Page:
Illustration 5: Continuing with Illustration 4, the additional data of Mr. Rakesh are: Income from Salary Rs. 10,00,000. Payment for life insurance premium Rs. 50,000 and deposit in PPF account Rs. 1,20,000 in FY 2019-20. 
    Compute his Total Income for FY 2019-20 (Assessment Year 2020-21).

    Computation of Total Income:

    Particulars
    Amount (in Rs.)
    Income from Salary
    10,00,000
    Income from House Property
    75,000
    Gross Total Income
    10,75,000
    Less: Deduction u/s 80C
    1,50,000
    Total Income
    9,25,000

    Note: Only the net income chargeable under the head 'Income from house property' will come in the final computation of total income.

    (2) Inter head set-off: This refers to the adjustment of loss under one head of income with income chargeable to tax under other head(s) of income. In case of income from house property, it refers to the set-off of loss from one house property with other head of income say, salary.

    This is the place where Budget 2017 has complicated the matter. It must be remembered that prior to AY 2018-19, the entire amount of loss from house property was allowed to be set-off with other head of income.

    In the case of self-occupied house property, the maximum amount of loss can be Rs. 2,00,000 because of restriction imposed by section 24(b) on claim of 'deduction' for interest payment. The 2017 amendment did not affect this position as the position remained unaltered even after the amendment.

    On the contrary, there is no such restriction on the claim of deduction for interest payment in the case of let-out house property is imposed under section 24(b). Hence, the entire amount of payment of interest in full is allowed as a deduction and the resultant loss, if any, may come to more than Rs. 2,00,000. This is the place where the 2017 amendment has impacted harshly. 

    As per the amendment by Budget 2017 and from AY 2018-19, where the net result of the computation under the head "Income from house property" is a loss and the assessee has income assessable under any other head of income, the assessee shall not be entitled to set off such loss, to the extent the amount of the loss exceeds Rs. 2 Lakh, against income under the other head. [Section 71(3A)]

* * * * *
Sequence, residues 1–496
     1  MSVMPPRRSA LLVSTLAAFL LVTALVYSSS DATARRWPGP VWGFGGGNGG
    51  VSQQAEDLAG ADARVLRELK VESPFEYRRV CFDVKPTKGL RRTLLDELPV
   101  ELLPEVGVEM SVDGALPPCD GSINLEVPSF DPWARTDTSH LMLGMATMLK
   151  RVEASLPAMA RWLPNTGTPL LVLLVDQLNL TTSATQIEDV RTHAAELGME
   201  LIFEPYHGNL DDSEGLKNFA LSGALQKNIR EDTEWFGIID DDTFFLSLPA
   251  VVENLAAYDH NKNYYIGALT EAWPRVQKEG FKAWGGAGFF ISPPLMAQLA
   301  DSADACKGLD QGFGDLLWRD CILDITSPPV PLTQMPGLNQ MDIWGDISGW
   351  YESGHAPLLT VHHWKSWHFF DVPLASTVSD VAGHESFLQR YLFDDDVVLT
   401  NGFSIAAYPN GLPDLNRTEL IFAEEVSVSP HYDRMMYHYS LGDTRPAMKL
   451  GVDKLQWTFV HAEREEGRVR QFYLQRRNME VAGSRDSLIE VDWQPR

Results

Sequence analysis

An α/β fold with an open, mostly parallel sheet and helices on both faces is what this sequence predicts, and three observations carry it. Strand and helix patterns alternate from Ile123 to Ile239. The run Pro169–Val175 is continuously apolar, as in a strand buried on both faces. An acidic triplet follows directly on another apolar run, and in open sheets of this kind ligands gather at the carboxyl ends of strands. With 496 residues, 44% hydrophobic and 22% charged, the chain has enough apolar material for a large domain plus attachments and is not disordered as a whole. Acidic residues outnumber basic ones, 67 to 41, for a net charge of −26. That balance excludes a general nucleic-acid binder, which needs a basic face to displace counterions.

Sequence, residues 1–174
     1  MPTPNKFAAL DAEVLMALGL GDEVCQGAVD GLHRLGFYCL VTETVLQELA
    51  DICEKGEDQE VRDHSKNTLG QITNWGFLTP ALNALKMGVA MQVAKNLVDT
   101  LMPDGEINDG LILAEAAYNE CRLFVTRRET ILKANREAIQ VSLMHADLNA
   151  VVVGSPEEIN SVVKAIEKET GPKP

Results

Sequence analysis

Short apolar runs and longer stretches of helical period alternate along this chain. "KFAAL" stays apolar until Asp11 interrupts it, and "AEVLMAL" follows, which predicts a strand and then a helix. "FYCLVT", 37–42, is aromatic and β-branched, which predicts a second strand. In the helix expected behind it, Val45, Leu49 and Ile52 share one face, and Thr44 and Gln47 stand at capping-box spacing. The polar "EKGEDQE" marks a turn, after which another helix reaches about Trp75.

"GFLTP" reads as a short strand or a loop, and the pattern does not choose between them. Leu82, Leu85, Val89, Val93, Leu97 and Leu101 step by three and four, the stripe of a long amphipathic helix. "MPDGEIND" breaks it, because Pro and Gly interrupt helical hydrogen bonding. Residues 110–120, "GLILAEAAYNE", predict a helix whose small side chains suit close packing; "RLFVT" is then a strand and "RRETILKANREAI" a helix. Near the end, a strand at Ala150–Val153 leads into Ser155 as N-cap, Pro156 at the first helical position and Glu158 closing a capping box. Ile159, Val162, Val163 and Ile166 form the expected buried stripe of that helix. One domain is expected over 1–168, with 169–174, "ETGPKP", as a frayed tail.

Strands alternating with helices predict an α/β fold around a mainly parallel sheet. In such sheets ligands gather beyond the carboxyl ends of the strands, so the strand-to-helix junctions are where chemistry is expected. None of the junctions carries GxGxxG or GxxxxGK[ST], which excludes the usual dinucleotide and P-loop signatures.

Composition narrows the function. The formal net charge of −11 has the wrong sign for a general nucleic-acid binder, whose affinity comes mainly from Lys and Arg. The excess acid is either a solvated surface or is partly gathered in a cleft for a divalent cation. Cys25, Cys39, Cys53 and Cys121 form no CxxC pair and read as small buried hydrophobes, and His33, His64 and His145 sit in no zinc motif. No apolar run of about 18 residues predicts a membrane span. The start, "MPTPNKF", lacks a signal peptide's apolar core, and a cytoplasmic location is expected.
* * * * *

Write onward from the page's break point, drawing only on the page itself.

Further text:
In other words, the amendment has restricted the inter-head set-off of loss under the head 'Income from house property' to a maximum amount of Rs. 2,00,000.

    There is a misconception among many taxpayers that the amendment was made in the 'deduction' amount i.e., the claim for payment of interest amount cannot exceed Rs 2 Lakh even in the case of let-out house property. This is wrong. the amendment did not limit the claim of interest amount but restricted the inter-head set-off of the loss amount in section 71(3A). The amendment was not carried on in section 24(b).

    What will happen if the amount of loss under the head of income 'Income from house property' is more than the income other head of income or the loss is more than Rs. 2 Lakh?

    Carry forward and set-off of loss from house property

    Any amount of loss under the head 'Income from House Property' cannot be set-off in a previous year in full then such amount of loss which cannot be set-off can be carried forward for next 8 assessment years to be set-off only with the income chargeable under the head 'Income from House Property'. [Section 71B]

    Thus in future years, only intra-head (same head) set-off is allowed. Inter-head (Other head) set-off is not allowed in subsequent years.

    Summary of the provisions related to set-off and carry forward and set-off of loss from house property

    1. Loss from house property should be first set off from the same head of income. 

    2. If the loss from a house property could not be set off with the income of any other property chargeable under the head Income from House Property either in full or in part, then it is eligible to set-off with other head of income.

    3. If the loss from a house property could not be set off with any other head of income either in full or in part, then the unabsorbed loss is eligible to be carried forward for the next 8 assessment years.

    4. In subsequent years, the loss brought forward from earlier years can be set-off only with the income chargeable under the head income from house property.

    5. Due to the amendment by Budget 2017 in section 71(3A) it may so happen that in some cases even after a period 8 years the entire loss from house property cannot be set-off due to insufficiency of income. After 8 years, the unabsorbed loss from house property will lapse.

    Let us understand the same with the help of an illustration.

    Illustration 6: Mr. Ramesh owns a house property which is let out for annual rent of Rs. 12,00,000. The interest paid on the home loan is Rs. 18,00,000 during FY 2019-20. His salary income for the year is Rs. 52,00,000.